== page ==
Sunday, May 20, 2007

Stephen Colbert vs. The Korean

Good news everyone, the Korean is back with a spiffy new computer. And here is something that the Korean desperately wanted to cover, and here it is now-- at least a week late.

Dear Korean,


Did you see the Stephen Colbert show last night? He did his own Korean music video. I thought it was very funny, but it seemed to spoof budget music videos more than specific Korean-ness--the joke seemed to be that Stephen knows nothing about Korea besides Hyundai & what he learned from M.A.S.H. So, what did you think? Do you know anything about the Korean R&B scene? Are you not at all surprised that Rain is at the top of the Time Readers' 100 Most Influential People?


If you were going to satirize a Korean video, would you do it differently than in The Roots' What They Do? (
http://www.youtube.com/watch?v=Z8l31heyYxQ ) Or what special video clich├ęs would you have to add on for maximum Korean flavor?

RL

Dear RL,

Thanks for sending in the link for the Colbert Report. (If you are hopelessly behind the times and haven't seen it, here is the link.)

First thing the Korean thought seeing Colbert's video was that his Korean pronunciation was surprisingly good. It was pretty funny.

As to Rain, the Korean is not sure if he really is one of "100 most influential people in the world." The Korean was always skeptical about that type of gimmicky lists. The fact that Rain was voted in by regular people (who bothered to vote) adds to the fact that the whole thing seems to be a bit silly. But it is absolutely true that the "Korean Wave" is a cultural phenomenon to be reckoned with in Asia; the Korean can accept it if Rain was voted in as the representative for the Korean Wave.

The Korean has not followed Korean pop scene much. (Except for a few notable artists, the Korean has always thought it is generally stupid, as all pop cultures go.) But there are definitely certain trends in Korean music videos.

The biggest thing is that they always try to tell some type of story. The Korean thinks the genesis of this trend was the video for 21st Century Monolith by 015B, which cost an unprecedented 100 million won (roughly $100,000) in 1996. Although at the time it was a bold attempt, it unfortunately set a trend that made all the videos appear hilariously stale. Now every Korean music video is a small movie.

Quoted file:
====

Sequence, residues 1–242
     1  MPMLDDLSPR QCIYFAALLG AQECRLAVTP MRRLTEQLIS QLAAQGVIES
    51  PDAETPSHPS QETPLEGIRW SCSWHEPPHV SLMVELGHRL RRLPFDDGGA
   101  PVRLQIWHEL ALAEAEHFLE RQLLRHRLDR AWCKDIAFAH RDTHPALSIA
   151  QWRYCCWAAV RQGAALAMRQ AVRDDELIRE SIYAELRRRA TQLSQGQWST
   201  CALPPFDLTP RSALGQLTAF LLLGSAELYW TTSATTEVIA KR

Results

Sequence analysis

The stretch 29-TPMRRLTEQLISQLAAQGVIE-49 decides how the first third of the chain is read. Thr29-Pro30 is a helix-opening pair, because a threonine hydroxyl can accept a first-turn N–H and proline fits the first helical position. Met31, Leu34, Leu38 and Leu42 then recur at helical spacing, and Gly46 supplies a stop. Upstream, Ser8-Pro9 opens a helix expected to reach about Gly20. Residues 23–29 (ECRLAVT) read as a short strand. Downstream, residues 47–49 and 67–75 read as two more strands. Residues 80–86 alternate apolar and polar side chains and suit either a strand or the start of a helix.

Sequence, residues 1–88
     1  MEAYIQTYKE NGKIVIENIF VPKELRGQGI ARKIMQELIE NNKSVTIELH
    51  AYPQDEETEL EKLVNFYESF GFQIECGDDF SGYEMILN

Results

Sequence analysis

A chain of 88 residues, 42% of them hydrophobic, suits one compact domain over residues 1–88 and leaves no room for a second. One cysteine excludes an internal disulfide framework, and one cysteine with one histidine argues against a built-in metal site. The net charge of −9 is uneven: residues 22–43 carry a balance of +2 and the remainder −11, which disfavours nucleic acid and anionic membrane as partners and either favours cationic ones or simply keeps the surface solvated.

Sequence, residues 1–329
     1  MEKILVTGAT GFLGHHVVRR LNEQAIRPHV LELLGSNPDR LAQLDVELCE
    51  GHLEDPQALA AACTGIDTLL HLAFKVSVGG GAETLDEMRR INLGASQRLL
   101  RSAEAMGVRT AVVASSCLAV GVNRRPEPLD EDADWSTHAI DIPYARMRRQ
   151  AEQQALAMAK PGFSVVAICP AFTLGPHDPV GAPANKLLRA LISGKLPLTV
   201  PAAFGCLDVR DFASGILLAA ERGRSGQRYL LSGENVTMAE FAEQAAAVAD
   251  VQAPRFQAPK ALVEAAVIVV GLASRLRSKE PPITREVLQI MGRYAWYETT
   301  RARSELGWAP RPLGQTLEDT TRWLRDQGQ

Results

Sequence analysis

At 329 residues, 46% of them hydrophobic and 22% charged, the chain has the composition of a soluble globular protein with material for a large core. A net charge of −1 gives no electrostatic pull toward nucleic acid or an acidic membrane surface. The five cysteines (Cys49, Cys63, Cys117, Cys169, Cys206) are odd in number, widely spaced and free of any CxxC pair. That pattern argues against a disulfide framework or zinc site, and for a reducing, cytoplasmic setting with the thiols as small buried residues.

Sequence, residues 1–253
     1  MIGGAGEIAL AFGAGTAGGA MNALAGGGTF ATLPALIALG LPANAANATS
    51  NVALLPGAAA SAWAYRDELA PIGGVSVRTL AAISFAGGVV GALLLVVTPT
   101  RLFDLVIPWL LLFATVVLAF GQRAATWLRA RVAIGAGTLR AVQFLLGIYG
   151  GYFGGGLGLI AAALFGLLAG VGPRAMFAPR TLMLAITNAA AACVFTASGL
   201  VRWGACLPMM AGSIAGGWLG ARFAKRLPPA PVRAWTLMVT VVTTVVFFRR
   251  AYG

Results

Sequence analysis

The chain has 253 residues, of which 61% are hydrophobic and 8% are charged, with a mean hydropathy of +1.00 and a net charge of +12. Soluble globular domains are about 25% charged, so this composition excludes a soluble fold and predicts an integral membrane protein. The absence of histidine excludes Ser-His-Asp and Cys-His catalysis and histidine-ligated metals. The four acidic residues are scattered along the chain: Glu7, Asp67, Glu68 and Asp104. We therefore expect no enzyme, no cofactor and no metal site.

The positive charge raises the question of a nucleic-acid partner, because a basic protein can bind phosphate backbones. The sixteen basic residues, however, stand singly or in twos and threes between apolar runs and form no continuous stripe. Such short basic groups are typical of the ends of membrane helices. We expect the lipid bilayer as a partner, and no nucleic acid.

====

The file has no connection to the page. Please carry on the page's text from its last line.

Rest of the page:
Trouble is that since songs generally don't last more than 5 minutes, the movie has to progress very fast. The result is the compressed version of the cheesiest Korean movie/drama you have ever seen. All the cliches are there -- usually a girl dies, either by cancer or a car accident that somehow leaves no injury, only a small stream of blood in the corner of her mouth. Often a rich guy steals a girl, and the poor dude works in a hazardous job, possibly dying of accident or exhaustion. (Or sometimes loses an arm! That's exciting.) And so on and so forth. If the Korean were to make fun of all this, it would probably look like the compressed version of Bobby Lee's skit in MadTV, parodying Korean dramas.

Would the Korean try it? Maybe. The Korean is done with school, so who knows?

Got a question or comment for the Korean? Email away at askakorean@hotmail.com.

1 comment:

  1. In attempt to combat the 5 minute bottleneck of the music videos, arbitrary prelude, interlude, and postlude are often added in the videos.

    The most recent "cinematic" music video I've seen is Arirang by SG Wannabe(SG Wannabe named themselves that in order to show their ambition to become as influential as Simon and Garfunkel. Too bad they didn't know that "wannabe" is a derogatory term for a cheap imitation). The video is whooping 22 minutes and 10 seconds, which I believe is over five times the original length of the song. They're known to have spent about .9 million dollars on the project.
    (http://music.bugs.co.kr/Info/album.asp?cat=Base&menu=m&Album=51890)

    Also, just FYI, while it is true that 015B was one of the first to try the idea of cinematic music videos in Korea, the big hit that really started the fad was "To Heaven" by Cho Sung-Mo.

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